The summer is over and I can't help but notice that everyone is talking about barnstorming, slinging mud, and too-close-to-call dogfights. It's not a fight at a farm or zoo—it's an explosion of animal-related metaphors describing the election. Yep, the general election is here and donkeys and elephants are charging, but eagles (the American Independence Party) and bull moose (Theodore Roosevelt's Progressive Party) are sitting it out.
Horse racing seems to be the number one source of inspiration for political analysis. Just like a day at the horse races, in our first-past-the-post system, whoever comes in first takes it all.
For politicians, it's a long run from exploratory committee to election day. Some candidates can be slow out of the gate and never recover. Others simply don't have the stamina or staying power to remain in the lead.
Just like ponies, some politicians are closers—excellent at sealing the deal in the final days—while other, underrated candidates emerge as, you guessed it, dark horses that threaten to upset the odds-on favorite.
As we head down the home stretch, I'm sure we'll see and hear a flurry of negative ads. And, come November 6, we may see races end in a recount-worthy photo-finish.
So who's up and who's down in the polls? Who is going to cross the finish line first? Regardless of who wins and loses, it's a great time for handicappers, armchair analysts, and even art museums to trot out animal imagery to explain one of the most exciting processes in our democracy.
Edgar Degas. Horse with Jockey; Horse Galloping, Turning Head to the Right, Feet Not Touching the Ground, modeled mid-1870s (cast before 1951). Bequest of Brooks McCormick.
Édouard Manet. The Races, 1865–72. Through prior bequest of Mr. and Mrs. Martin A. Ryerson Collection.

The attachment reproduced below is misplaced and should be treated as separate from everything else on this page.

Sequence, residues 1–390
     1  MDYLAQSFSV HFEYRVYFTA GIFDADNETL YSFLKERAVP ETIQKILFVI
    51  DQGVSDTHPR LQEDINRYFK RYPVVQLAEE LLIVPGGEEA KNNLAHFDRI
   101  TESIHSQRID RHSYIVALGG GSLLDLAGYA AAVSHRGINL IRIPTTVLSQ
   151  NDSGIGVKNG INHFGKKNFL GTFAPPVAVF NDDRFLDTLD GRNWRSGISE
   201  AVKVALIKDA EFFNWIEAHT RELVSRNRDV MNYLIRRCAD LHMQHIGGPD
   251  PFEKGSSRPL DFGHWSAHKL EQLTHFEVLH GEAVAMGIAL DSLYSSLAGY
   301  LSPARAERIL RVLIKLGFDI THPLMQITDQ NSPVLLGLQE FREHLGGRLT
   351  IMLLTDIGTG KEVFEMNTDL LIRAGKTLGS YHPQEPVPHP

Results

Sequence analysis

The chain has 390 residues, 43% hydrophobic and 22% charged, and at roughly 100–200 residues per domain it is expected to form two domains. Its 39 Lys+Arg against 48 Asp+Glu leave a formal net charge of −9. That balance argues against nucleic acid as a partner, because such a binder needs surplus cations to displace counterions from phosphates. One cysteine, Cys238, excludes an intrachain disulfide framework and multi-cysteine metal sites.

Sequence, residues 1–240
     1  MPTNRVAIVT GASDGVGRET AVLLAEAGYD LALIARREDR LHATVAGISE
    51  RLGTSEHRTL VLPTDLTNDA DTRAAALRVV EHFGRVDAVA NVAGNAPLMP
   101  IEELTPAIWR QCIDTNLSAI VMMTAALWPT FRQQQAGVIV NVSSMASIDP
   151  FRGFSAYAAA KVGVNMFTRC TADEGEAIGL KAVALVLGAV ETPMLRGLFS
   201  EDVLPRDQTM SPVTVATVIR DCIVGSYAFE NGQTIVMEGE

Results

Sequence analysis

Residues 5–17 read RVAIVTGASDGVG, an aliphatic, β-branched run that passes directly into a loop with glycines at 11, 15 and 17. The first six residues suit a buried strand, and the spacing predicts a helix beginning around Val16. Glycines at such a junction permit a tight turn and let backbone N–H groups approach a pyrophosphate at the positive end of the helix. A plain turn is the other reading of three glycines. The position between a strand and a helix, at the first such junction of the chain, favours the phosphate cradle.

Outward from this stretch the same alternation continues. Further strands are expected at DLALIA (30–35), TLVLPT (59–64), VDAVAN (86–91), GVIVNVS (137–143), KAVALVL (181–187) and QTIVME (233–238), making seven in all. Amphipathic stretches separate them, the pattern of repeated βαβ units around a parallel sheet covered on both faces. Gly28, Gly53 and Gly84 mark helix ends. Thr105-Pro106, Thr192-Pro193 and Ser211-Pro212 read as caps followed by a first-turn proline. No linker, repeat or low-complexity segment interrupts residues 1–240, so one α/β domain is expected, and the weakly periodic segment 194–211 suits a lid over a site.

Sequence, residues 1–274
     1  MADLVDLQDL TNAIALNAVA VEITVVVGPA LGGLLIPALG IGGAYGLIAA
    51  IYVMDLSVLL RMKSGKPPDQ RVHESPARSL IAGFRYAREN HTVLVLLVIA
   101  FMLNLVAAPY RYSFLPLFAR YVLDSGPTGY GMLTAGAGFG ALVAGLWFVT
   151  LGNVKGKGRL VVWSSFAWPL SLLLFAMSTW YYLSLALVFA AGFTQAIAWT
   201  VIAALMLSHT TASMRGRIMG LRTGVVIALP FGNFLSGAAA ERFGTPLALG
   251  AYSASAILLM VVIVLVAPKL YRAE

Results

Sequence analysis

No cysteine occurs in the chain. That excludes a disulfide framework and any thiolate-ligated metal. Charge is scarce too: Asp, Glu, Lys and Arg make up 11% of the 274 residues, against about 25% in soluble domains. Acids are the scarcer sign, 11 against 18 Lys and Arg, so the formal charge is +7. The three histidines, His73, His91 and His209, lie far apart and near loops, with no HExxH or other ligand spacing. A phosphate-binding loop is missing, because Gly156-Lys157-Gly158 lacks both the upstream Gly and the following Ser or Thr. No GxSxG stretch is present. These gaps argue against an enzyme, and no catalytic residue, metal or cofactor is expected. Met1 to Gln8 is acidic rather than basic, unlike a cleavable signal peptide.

Jacques Callot. The Horse Race at the Pitti Palace, in Florence, from The Caprices, c. 1622. Mary S. Adams Fund.
Winslow Homer. Our Watering Places—Horse-Racing at Saratoga, published in Harper's Weekly, August 26, 1865. Gift of Arthur and Hilda Wenig.
5 hours 53 min ago The Art Institute of Chicago Just like the museum's collection comes from artists around the world, so does the Museum Shop’s assortment of products. We source exclusive products from artisans that are inspired by the cultures, mediums, and techniques represented in our museum collection. View our assortment of unique items from India.
15 hours 1 min ago The Art Institute of Chicago NOW ON VIEW—Provoke: Photography in Japan between Protest and Performance, 1960–1975
Provoke was the English-language title for a Japanese photo magazine of the late 1960s; the name also designates the group of photographers and writers who put that formative publication together. Their influence has grown so great that the “Provoke era” is now international shorthand for sixties counterculture in Japan. This generational uprising swelled from the massive unrest, and sheer cultural disorientation, that accompanied the country’s transformation from ruined empire to superpower after World War II.
This exhibition places the achievements of Provoke alongside those of protesters and protest collectives, who made riveting photobooks, films, and photographs throughout the same era, as well as artists and art collectives keenly interested in live performance and its relation to the mechanical image.
18 hours 33 min ago The Art Institute of Chicago NEW ACQUISITION—In the early decades of the sixteenth century, Antwerp was a great center of commerce, finance, and luxury trade. The Flemish city attracted innovative painters like Quentin Massys, Jan Gossart, and Joos van Cleve working in a style that combined northern traditions with Italianate forms. Numerous other painters, whose work is only known under names of convenience, like the Master of the Lille Adoration, swelled the ranks of the Antwerp guild.
Saint Jerome in Penitence (by the Master of the Lille Adoration) is an ideal addition to our collection and can be seen alongside other exemplary paintings from Renaissance Antwerp—on view in Gallery 207.